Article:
Tachikawa '99

by Monty DiPietro

It is arts festival season in Japan, and fun as these can be, it should be noted that in Tokyo the organizers of cultural showcases have a tendency to do the affairs up rather a little too officiously. For those who would prefer a less-regimented look at new art, one of Japan’s best curators, Toshio Shimizu, has rounded-up some 40 artists (aged 22 to 80 and hailing from 11 countries) and plunked their photography, video, paintings and performance art down into the streets, parks, art galleries, rail stations, office buildings, and shopping centers of Tachikawa, a hot little art town out on Tokyo’s west flank.

Tachikawa ’99 looks like the most exciting destination by far on this fall’s festival map, a survey that includes the on-again, off-again Nippon International Contemporary Art Fair (NICAF, the Tokyo international Forum), and corporate-sponsored platforms like ICC’s Biennial and Saison’s ART-ING, among others. There are two reasons to expect success from the inaugural Tachikawa International Art Festival: A keen interest among the people of the region toward contemporary art, and the smarts and determination of the man behind the event.

Toshio Shimizu, 46, was born in Tokyo. A rapid ascent in the Japanese art hierarchy was interrupted several years ago when Shimizu suddenly left his post at one of the country’s most progressive art centers, the Art Tower Mito. While serving as the Ibaragi Prefecture cultural center’s artistic director, Shimizu had improbably brought some of the world’s most exciting contemporary artists up to Ibaragi. When word of his departure came down, the official story was that Shimizu had resigned. But those in the know tell a different story – they whispered that what had really happened was a certain conservative administrative head honcho had deemed Shimizu’s curatorial methods and artistic vision too unconventional, and shown him the door. Whatever the case may be, Shimizu has redoubled his efforts to bring avant-garde culture to Japan – and in the process appears to have become a better team player. In Tachikawa, he has found his perfect venue.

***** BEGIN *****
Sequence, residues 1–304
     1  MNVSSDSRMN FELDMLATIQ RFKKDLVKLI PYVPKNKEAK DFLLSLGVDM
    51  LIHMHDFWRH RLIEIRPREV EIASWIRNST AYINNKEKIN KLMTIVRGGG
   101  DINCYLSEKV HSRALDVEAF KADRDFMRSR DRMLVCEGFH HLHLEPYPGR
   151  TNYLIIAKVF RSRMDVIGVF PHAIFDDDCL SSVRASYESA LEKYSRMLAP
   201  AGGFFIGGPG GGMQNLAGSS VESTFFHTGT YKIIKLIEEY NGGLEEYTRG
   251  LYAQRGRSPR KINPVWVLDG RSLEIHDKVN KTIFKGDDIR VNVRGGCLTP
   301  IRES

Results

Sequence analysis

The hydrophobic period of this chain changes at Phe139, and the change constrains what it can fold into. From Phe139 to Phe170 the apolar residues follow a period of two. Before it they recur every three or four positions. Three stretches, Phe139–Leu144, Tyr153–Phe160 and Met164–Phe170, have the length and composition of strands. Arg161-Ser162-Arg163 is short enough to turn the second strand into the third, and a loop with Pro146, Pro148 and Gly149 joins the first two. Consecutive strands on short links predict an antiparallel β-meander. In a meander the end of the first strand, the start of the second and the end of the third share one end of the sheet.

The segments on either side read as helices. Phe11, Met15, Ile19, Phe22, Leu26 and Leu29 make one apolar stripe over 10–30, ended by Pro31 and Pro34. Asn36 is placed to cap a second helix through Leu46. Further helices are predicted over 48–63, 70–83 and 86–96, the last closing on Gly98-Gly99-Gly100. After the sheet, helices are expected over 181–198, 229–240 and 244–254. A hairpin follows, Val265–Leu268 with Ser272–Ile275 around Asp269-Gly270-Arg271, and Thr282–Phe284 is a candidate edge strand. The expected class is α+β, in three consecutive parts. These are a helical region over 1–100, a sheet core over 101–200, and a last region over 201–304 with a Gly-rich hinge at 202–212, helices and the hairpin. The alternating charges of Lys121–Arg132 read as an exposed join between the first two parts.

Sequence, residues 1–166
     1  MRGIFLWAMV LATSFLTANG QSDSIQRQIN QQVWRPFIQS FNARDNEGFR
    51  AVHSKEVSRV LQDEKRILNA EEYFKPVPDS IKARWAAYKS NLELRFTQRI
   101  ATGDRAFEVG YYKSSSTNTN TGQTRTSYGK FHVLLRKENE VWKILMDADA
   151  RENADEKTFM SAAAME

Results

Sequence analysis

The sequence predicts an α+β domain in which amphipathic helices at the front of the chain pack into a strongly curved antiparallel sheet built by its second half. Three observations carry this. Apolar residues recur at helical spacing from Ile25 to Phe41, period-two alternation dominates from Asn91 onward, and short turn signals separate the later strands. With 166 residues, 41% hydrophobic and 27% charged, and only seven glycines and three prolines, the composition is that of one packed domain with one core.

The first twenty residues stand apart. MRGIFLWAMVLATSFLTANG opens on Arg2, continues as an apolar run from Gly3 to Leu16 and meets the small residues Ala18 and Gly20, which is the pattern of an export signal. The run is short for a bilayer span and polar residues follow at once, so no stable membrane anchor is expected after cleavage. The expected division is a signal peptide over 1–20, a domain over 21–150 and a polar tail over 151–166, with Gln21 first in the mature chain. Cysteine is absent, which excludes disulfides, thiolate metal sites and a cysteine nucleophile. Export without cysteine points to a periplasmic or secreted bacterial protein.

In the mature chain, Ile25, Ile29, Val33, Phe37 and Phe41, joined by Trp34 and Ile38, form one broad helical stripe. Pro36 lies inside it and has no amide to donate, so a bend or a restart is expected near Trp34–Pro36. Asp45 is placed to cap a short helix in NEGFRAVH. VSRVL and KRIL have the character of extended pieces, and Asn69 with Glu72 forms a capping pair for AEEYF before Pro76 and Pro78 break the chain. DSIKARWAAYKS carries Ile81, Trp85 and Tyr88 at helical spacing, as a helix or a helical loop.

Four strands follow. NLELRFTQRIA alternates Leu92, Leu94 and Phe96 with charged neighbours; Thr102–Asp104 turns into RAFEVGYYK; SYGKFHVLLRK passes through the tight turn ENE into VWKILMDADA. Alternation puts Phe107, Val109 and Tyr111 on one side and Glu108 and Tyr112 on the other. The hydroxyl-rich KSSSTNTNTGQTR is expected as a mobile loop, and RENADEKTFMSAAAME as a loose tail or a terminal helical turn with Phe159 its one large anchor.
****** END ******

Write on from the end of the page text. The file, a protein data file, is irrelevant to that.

"I think what characterizes this art festival," says Shimizu, "is that it was organized by the people of Tachikawa, not the government." One reason the ad hoc citizens’ committee were willing – eager even – to host an international art fair may be the positive response received by Faret Tachikawa, an ambitious public art project first developed in the early 1990s that has since brought scores of large street sculptures and installations to the area. That one of Japan’s only artist’s loft communities (Studio Shokudo) is also located in Tachikawa further bolsters the city’s emerging identity as this country’s contemporary art capital.

The innovative Studio Shokudo artists will be complimented at Tachikawa ’99 by lubricious lensman Nobuyoshi Araki, Breadman performance artist Tatsumi Orimoto, and a 17-artist Chinese contingent that Shimizu says "fell out of the sky."

"When I went to Shanghai five years ago, there were no good video artists there," says Shimizu. "But last time I went I found that the medium had caught on, and many interesting and inspired artists had sprung up very quickly." So they were tossed into the mix, in a manner that bespeaks the spontaneous and immediate qualities of Shimizu’s welcome approach, as well as the flexibility of festival volunteers and venues.

The Tachikawa International Art Festival ’99 theme is "Love," and it will be romping through Tachikawa for more than three weeks.


notes: Contact the Tachikawa ’99 office for further information (042-523-0477), or click here for a schedule of events.
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